It is less than a year ago since Owen Coyle left Wigan Athletic. The Scot was on a hiding to nothing when he took the job in July 2013. Not only was he an ex-Bolton manager, but he was expected to get Latics back into the Premier League in the space of one season. Expectations were high after the FA Cup triumph, following eight years in the Premier League. With their parachute payment, Latics had a clear financial advantage over most of the clubs in the division, plus a residue of players with a wealth of Premier League experience.
With the expectations of the fans and the owner weighing heavily on his back, it was a difficult time for Coyle. Results had not been meeting expectations and they were to get worse in December, when there was widespread disgruntlement among fans, fuelled by keyboard warriors on the social media. Successive defeats to Brighton and Zulte Waregem in late November were followed by a debacle against Derby County, soon after which Coyle’s departure was announced.
Some nine months on and the keyboard warriors are lively again. This time their disgruntlement is aimed at Uwe Rosler. It might be hard to believe after what Rosler has already achieved at the club, but some are starting to question if he is the right man for the job.
Following Coyle’s uncomfortable reign at Wigan, Rosler was to become viewed as the saviour. He took over a team that had been drifting towards the lower reaches of the Championship table and galvanized them into reaching not only the playoffs, but also the FA Cup semi-final. It was a remarkable achievement and it brought him widespread acclaim from fans.
However, within the space of six weeks Rosler’s star has waned. Latics are currently in those same lower reaches of the Championship table, where they were when he took over. They have won only six of their last twenty four matches.
Rosler has brought in nine new players over summer, none of whom have yet performed at their optimum. New players always take time to settle in, but many have been thrust into the starting lineup despite lacking match fitness. Moreover the pre-season training programme failed to provide the level of preparation necessary for the squad to compete at least on an even keel in the very physical environment of the Championship. .
Latics have so far amassed 8 points from 8 league games. At the same stage last season, Coyle’s team had 11 points.
With another 38 games Latics have time to turn things around. Physical fitness levels are improving and the new players are gradually settling in. Confidence is low at the moment, but Rosler has shown in the past that he can lift a team low on confidence. Rosler is a very capable manager who has a long term view. Like all managers, he makes mistakes, but he is honest and open and willing to reflect.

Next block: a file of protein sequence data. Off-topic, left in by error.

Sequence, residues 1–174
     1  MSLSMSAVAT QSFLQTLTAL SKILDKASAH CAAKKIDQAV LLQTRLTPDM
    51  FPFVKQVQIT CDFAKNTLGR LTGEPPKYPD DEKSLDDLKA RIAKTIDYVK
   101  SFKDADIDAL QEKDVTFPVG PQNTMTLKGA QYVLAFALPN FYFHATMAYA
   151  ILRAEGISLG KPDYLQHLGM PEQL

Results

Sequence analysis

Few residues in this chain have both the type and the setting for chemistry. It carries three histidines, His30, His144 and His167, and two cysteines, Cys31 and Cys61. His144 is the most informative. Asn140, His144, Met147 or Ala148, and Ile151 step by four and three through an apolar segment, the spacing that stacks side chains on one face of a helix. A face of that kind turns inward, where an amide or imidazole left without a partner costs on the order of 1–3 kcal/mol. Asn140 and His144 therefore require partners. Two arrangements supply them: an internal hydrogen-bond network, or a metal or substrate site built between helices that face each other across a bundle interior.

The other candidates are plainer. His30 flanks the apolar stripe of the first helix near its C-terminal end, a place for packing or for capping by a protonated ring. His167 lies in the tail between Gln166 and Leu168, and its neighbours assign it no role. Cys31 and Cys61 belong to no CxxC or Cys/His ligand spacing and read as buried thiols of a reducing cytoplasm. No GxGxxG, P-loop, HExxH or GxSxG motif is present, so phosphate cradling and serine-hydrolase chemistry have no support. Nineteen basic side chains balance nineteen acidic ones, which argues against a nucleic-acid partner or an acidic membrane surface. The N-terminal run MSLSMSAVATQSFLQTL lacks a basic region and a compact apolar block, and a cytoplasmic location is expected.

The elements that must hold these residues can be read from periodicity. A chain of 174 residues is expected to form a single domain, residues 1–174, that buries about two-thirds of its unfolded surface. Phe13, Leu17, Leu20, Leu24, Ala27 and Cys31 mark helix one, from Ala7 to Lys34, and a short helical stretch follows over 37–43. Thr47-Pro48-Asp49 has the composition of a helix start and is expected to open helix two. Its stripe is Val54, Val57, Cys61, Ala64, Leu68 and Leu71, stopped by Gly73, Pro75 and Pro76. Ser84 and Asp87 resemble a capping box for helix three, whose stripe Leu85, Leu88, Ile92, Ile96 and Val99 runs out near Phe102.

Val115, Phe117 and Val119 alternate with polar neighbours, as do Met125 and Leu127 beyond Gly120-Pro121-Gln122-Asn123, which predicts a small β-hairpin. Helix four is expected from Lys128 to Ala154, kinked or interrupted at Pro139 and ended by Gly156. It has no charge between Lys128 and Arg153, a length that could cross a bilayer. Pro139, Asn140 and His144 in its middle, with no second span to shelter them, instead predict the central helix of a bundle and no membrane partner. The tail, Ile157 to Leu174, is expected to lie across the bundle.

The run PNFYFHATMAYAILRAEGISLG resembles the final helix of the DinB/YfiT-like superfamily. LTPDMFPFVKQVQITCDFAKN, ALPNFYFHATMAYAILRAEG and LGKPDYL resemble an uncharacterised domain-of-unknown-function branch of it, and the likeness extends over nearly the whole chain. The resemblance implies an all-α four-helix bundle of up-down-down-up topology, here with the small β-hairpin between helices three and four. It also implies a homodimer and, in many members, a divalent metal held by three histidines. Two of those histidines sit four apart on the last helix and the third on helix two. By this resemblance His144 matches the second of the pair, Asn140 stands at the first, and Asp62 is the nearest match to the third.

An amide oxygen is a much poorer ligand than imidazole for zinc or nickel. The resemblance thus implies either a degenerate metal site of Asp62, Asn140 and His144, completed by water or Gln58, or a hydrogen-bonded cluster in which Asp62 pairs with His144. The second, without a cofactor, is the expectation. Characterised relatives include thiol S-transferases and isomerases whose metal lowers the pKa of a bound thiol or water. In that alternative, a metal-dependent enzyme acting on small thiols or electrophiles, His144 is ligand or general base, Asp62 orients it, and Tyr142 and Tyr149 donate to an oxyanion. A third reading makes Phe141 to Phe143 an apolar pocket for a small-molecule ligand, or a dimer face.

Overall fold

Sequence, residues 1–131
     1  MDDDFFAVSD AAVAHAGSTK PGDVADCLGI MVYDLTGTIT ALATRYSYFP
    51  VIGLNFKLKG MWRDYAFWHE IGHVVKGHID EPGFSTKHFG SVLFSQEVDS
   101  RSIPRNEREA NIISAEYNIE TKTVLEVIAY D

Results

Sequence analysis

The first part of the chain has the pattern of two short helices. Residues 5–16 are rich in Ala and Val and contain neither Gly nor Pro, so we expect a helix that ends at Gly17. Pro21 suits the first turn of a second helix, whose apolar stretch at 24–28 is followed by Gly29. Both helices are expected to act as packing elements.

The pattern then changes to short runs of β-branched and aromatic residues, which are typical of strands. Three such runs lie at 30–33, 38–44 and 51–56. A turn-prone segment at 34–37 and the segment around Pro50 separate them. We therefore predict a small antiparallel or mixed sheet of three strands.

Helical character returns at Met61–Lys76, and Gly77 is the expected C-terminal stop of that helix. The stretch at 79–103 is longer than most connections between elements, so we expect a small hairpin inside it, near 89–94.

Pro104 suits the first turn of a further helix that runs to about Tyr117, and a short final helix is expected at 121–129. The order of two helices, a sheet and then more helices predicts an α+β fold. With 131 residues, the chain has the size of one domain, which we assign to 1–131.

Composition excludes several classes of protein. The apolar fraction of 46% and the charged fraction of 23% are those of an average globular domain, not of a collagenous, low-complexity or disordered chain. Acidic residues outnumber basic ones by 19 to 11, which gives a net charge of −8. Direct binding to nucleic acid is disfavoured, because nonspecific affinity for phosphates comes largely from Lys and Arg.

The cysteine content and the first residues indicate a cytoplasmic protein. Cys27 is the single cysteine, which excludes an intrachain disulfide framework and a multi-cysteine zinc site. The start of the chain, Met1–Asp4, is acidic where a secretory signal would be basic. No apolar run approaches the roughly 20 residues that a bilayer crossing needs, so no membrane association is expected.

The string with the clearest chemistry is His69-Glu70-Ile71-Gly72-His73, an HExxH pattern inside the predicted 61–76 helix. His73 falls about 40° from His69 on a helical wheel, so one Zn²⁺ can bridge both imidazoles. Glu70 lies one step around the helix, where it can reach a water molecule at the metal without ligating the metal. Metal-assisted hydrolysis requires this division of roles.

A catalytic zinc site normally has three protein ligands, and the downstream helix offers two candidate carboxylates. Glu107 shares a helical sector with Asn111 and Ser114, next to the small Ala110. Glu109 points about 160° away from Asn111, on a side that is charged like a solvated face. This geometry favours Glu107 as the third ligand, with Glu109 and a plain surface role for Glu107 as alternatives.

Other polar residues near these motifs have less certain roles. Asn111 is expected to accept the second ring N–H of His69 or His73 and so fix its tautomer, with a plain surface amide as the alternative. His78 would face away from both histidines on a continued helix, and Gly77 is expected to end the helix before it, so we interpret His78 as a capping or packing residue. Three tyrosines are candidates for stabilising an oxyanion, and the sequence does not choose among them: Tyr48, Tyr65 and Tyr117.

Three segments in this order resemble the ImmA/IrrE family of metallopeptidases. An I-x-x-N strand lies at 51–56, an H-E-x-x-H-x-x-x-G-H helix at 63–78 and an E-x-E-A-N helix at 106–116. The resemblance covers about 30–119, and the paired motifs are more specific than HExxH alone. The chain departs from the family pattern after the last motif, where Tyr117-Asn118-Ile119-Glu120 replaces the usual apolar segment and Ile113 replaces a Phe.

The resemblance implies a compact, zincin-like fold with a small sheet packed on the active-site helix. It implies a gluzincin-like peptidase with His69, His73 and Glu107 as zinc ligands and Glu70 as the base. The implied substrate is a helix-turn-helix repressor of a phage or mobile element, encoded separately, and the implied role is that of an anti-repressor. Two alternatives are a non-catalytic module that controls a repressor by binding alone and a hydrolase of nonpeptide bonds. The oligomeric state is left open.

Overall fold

Wigan Athletic cannot even contemplate looking for another manager at this moment in time, as some of the more extreme keyboard warriors might infer. Dave Whelan would be wise to let supporters know that the German has his backing, despite the adverse results of late. The continued support of the fans will be needed to help things turn around.
Here are five things that Rosler must do if he is to lift Latics out of their current malaise and make them into genuine promotion contenders:
1) Build a team based on solid defence.
Rosler has a wealth of quality defenders at his disposal. Following his arrival last year Latics went on an unbeaten run of 6 league games, when they conceded only 3 goals, with four clean sheets. That is what is needed in the matches coming up.
Up to this point James Perch and Rob Kiernan have been ever present. Emmerson Boyce, Ivan Ramis and Andrew Taylor have played in 7 out of the 8 games. Latics have conceded only 10 goals in the 8 games so far, but the defence has looked ragged at times. On the 3 occasions when they have played with a back four they have conceded 6 goals. They have conceded only 4 goals on the 5 occasions where they have played 3-5-2.
Leon Barnett, a pillar in defence for most of last season, has appeared in only one game so far, coming on at half time against Birmingham. Neither Gary Caldwell nor Thomas Rogne have featured.
Rosler needs to decide whether he has the right blend in the centre of defence. The admirable Boyce has had a disappointing season so far, not looking like the player he has been in the past. Kiernan has had the ups and downs that can be expected of a young player playing in a key defensive position.
Given that so many Championship teams rely on aerial bombardment for a source of their goals it has been a surprise that the two best headers of the ball – Barnett and Rogne – have not made the starting lineup so far.
Rosler’s tactic of defending from the front through high pressing has not worked effectively up to this point, largely down to the lack of physical fitness of the players. Moreover he has a totally new midfield this season that has yet to gel. The end result has been more pressure on the back line.
2) Keep up squad morale
Rosler has built up a capable and well balanced squad of 29 players. Three or four of those are likely to be sent out on loan, which will give them more chance of playing time and reduce running costs. That still leaves him with a squad of around 25.
Rosler is an adherent to the concept of squad rotation, which he employed last season to a large degree. It was not universally popular with the fans. His critics would say that Rosler made too many changes from game to game, that he himself did not know what his best starting eleven was. However, the sheer volume of games that Latics had to play made a certain degree of squad rotation necessary. Moreover it meant that all players in the squad had a chance of getting on the pitch. This in turn produced keen competition for places and raised the morale of those who might not have been involved.
There are few automatic starters in the current squad. Goalkeeper Scott Carson has started in all the league games so far, but faces strong competition from Ali Al-Habsi. Callum McManaman has been in fine form this season and rightly has started in all eight league games. James Perch and Emmerson Boyce were regular starters last year and have remained so. Ivan Ramis seems to have shaken off his injury worries and is likely to be a regular starter.